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Chemical Roulette

Published: 18th Nov 2013 in OSA Magazine

Chemical safety management issues in contract manufacturing

Many large global brands exclusively operate on a contract manufacturing basis. In contract manufacturing, one company – a well-known global brand, for example – hires another company to produce products, parts or other materials on behalf of their client.

As a result, the contracting company, or brand, does not own or maintain manufacturing facilities, purchase raw materials, or directly hire labour. Over the last decade, the manufacturing base has expanded greatly in the Asia Pacific region due to this type of contract manufacturing.

The clothes you are currently wearing may have the name of a global brand printed on them, but they are actually being manufactured by a company you have probably never heard of before. 

Making it even more complicated is that the second company is probably buying parts or raw materials from another manufacturer. The supply chain, in most cases, is long and complex and the health and safety issues along this chain are similarly complex and varied.

Contract manufacturers often seek what is known as the ‘iron triangle’ of the lowest price/the highest quality/the fastest delivery. This results in expansion into countries with a potentially poor record of health and safety regulation, poor enforcement, or rampant corruption.

This model often obscures the perception of certain consumers of the potential human costs associated with production of their favourite products as consumers put their trust in the brand name company rather than the actual manufacturer. Consumers in the United States or Europe who don’t understand this model may not be able to visualise the potential risks faced by the workers who are actually tasked with assembling, sewing, or otherwise producing the products we are so accustomed to purchasing.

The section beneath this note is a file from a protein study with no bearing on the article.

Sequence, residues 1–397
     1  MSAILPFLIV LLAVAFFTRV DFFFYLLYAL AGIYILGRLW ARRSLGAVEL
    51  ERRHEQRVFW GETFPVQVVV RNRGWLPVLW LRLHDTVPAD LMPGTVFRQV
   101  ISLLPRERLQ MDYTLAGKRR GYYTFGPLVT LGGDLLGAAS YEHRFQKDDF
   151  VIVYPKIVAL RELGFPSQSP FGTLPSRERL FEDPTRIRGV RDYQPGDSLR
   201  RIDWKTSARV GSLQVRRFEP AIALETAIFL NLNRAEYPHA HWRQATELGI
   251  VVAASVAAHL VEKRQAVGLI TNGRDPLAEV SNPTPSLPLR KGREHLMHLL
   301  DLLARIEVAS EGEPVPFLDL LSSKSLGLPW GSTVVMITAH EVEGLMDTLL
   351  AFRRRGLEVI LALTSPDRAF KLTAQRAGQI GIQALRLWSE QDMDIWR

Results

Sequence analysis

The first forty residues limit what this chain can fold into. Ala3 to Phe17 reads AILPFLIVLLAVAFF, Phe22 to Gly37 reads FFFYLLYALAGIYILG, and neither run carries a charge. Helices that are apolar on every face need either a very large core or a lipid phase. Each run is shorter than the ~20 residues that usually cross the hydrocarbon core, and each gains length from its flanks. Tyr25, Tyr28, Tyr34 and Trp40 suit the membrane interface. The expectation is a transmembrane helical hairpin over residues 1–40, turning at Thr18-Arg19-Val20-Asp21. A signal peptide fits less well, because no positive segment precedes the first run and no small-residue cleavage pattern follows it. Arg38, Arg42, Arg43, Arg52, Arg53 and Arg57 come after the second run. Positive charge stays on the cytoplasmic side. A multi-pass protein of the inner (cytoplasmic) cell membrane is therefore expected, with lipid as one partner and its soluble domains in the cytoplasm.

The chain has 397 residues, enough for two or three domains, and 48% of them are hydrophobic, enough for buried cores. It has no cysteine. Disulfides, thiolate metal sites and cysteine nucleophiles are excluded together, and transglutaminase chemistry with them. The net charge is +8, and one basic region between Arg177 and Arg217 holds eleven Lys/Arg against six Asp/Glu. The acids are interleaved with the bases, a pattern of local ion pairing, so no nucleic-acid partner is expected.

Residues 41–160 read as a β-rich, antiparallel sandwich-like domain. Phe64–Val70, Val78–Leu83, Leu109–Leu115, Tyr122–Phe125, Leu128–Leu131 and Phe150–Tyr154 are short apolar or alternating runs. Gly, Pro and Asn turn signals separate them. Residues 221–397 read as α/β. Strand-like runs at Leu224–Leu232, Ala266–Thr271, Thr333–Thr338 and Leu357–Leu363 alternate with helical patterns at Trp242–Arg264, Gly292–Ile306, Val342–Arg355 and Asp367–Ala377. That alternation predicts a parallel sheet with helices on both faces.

Contracting companies often do conduct assessments or audits of their supplier factories. These assessments may indicate serious issues related to chemical safety, including the lack of appropriate hazard communications, no consideration for the hierarchy of controls, and the extensive misunderstanding of the principles and limitations of personal protective equipment (PPE), especially respiratory protection. 

Lack of HAZCOM programmes

Hazard Communication, or HAZCOM, is a foundation of workplace protection regulations in many countries. In the absence of appropriate HAZCOM programmes, sound management of chemicals will likely not occur, resulting in potential worker risks.

HAZCOM standards are designed as a way to modify the behaviour of both employees and employers by providing information about chemical hazards in a structured way. Given proper information and warnings regarding chemical hazards, workers are more likely to make appropriate decisions.

Generally, HAZCOM programmes include three main components:
• Labels
• Safety Data Sheets
• Employee training

Although certainly not limited to contract manufacturers, our experience has indicated severe and overly common issues with all three components within the contract manufacturing supply chain.